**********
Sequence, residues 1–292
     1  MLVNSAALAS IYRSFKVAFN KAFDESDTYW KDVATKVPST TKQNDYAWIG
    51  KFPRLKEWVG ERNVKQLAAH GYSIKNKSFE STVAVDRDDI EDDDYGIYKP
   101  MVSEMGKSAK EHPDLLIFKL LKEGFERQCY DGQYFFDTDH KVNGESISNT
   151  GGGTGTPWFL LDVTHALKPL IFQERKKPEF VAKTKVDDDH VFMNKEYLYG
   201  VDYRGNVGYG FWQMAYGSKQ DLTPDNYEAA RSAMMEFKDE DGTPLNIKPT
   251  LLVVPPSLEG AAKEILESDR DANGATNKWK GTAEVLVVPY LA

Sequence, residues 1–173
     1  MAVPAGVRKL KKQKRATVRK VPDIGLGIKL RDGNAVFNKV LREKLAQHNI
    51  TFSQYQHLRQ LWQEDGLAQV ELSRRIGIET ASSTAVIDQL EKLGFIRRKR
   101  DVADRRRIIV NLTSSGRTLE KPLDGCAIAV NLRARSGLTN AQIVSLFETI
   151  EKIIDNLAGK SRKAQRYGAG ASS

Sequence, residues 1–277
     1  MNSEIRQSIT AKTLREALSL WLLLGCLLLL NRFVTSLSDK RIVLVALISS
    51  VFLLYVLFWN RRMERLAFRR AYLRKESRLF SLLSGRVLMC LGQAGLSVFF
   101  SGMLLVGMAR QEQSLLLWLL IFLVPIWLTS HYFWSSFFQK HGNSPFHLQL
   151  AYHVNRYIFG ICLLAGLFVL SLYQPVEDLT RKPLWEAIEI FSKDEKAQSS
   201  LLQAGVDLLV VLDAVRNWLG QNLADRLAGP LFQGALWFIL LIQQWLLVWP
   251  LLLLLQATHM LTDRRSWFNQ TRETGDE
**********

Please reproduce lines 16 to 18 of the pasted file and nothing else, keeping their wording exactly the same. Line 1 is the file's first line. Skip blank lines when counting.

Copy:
   101  SGMLLVGMAR QEQSLLLWLL IFLVPIWLTS HYFWSSFFQK HGNSPFHLQL
   151  AYHVNRYIFG ICLLAGLFVL SLYQPVEDLT RKPLWEAIEI FSKDEKAQSS
   201  LLQAGVDLLV VLDAVRNWLG QNLADRLAGP LFQGALWFIL LIQQWLLVWP